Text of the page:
PROPERTY MARKET NCR's office has become more diverse with growing interest seen from other sectors apart from the IT/ITeS. Recent pre-commitments are also indicating steady absorption for the next 1 to 2 years. As the demand for SEZ options is likely to be stable in the short term, the pace of construction of non-SEZ developments is expected to slow, reducing the overall supply in 2012. As a result, vacancy rate could drop gradually from 2012 onwards. Rentals in CBD are expected to increase in 2012 but Noida and Gurgaon are likely to be stable due to the higher vacancy rate and an abundant pipeline supply. CAPITAL MARKETS Capital values in the region are expected to remain stable in 2012 and grow moderately in 2013 in Delhi. The investment market in NCR which is dominated by owner occupiers and private investors has seen more numbers of private equity deals as compared to other cities in 2011. Also in terms of land transactions, Noida has outweighed other Indian cities. Markets such as Gurgaon and Noida are expected to remain stable in terms of rental and capital values due to the abundance of space options; leasing and investment demand are also likely to remain moderate until 2013.



ECONOMY There has been considerable improvement in terms of infrastructure and the local economy is set to grow significantly in the next 4 to 5 years. The manufacturing hub and knowledge processing parks announced by the government are expected to attract huge investments and generate large scale employment in the region. Sizeable pre-commitments were witnessed in 2011 adding an impetus to the upcoming SEZ developments. Major players such as Ericsson, Metlife and Cognizant have expanded recently. Several others in the IT/ITeS sector are likely to follow the trend in the near term so as to reap the fiscal benefits from SEZ operations.

ECONOMY Indonesia's economy is targeted to grow between 6.3% and 6.7% in 2012 - the highest amongst the Southeast Asian states. In 2012, both government spending and public consumption will remain as major contributors to the country's economic growth, followed by local and foreign direct investment. Despite an expected slowing of growth in export activities, the government still forecasts exports to rise by 14.9% to 15.3%, while imports are predicted to rise by between 18.4% to 18.8% in 2012. Natural resources-based businesses will likely continue to enjoy further growth. Indonesian-based financial institutions are also expecting positive business improvements. PROPERTY MARKET Higher net office take-up is expected to occur in 2012, with growing demand from the booming sec-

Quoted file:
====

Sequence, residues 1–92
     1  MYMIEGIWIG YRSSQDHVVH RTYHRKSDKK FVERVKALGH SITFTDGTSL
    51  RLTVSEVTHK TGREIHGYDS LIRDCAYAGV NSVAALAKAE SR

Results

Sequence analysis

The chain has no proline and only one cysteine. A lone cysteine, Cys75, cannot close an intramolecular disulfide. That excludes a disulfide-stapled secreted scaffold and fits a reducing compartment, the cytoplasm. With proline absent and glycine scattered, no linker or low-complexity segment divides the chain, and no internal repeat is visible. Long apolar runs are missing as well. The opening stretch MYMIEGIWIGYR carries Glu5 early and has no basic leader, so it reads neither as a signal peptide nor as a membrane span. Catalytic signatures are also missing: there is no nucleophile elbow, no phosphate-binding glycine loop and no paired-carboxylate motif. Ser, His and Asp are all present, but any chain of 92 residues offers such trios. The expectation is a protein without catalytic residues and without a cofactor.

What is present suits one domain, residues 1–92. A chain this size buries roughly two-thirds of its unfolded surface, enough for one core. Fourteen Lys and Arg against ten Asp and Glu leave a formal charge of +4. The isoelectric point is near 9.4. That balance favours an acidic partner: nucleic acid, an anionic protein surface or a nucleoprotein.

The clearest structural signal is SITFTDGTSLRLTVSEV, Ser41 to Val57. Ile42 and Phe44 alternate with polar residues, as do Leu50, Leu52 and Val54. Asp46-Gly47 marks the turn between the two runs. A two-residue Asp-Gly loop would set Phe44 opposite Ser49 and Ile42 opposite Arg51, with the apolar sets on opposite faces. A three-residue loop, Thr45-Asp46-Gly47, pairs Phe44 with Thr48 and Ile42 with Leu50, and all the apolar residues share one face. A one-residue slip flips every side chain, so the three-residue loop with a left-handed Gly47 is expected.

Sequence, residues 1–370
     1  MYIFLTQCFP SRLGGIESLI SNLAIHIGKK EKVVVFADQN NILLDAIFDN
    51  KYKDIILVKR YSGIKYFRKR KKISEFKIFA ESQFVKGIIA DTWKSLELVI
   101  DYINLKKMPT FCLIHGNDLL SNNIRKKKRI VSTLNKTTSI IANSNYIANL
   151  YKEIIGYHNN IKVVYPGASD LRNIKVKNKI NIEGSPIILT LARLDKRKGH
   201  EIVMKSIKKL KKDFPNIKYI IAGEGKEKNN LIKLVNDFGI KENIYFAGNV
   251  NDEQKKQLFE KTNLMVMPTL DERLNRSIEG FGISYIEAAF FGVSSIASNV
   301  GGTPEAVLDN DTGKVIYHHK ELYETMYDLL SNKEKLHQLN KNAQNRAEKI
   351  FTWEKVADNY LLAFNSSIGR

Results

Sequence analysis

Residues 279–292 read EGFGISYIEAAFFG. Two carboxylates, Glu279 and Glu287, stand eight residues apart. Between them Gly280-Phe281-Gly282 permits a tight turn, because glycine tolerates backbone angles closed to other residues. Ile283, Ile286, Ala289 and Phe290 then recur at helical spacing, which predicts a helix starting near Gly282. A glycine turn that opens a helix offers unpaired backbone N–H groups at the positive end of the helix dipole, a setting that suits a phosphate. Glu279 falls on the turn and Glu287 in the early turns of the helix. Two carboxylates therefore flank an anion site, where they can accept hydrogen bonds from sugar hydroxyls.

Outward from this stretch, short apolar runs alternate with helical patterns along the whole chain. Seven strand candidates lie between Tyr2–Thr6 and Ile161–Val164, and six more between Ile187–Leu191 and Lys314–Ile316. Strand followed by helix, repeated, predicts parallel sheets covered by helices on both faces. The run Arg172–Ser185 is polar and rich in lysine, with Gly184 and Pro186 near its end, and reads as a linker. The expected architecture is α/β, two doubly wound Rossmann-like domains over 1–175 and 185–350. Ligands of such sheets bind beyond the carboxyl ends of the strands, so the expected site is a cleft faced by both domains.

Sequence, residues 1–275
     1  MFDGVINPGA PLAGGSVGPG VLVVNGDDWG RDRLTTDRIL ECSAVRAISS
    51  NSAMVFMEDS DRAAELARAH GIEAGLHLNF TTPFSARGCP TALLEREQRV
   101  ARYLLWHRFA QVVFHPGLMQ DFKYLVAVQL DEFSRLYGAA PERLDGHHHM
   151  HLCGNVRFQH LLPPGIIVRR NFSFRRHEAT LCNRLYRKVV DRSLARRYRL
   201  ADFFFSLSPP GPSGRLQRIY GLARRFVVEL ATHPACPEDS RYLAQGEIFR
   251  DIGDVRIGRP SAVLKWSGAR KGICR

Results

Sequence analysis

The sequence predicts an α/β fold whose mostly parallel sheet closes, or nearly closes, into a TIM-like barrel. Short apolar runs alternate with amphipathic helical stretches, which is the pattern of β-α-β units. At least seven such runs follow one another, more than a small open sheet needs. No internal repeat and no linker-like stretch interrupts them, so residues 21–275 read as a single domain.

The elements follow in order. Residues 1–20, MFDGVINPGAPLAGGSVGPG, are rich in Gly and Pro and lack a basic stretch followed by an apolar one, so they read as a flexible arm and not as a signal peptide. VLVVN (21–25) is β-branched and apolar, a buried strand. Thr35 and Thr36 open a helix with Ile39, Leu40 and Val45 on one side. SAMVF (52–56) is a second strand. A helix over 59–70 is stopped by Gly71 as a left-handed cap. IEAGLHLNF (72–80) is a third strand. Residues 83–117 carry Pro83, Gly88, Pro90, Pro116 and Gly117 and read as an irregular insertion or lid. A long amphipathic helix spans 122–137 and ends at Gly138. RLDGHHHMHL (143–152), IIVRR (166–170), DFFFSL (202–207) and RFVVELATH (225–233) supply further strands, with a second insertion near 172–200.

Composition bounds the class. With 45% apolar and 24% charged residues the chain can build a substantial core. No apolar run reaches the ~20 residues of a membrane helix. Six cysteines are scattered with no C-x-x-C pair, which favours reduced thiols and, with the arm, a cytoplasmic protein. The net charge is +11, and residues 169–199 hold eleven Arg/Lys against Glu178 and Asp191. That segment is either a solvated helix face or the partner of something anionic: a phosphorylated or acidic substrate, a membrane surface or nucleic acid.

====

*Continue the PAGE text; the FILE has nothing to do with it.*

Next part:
tors of oil and mining, banking, and insurance, driven by office expansions, relocations and consolidations. Demand is projected to reach over 300,000 sq.m. in 2012, surpassing the last peak in 1997. On the supply side, more than 400,000 sq.m. of new space, including 7 Grade A office projects, will enter the CBD Jakarta office market. The occupancy rate is expected to remain at around 90.0% by end 2012 while average rental rates are expected to rise between 5% to 10% in line with stronger demand and rising building operational costs. CAPITAL MARKETS As at the end of 2011, the sales rate of existing and future projects are projected to have reached 94% and 80% respectively. In 2012 sales volumes are forecast to remain strong. The average sale price for offices in Jakarta's CBD is expected to be around US$2,100 per sq.m. by the end of December 2011, an increase of almost 20% during the year. Sales prices are expected to increase further as the remaining space availability in active projects becomes increasingly limited.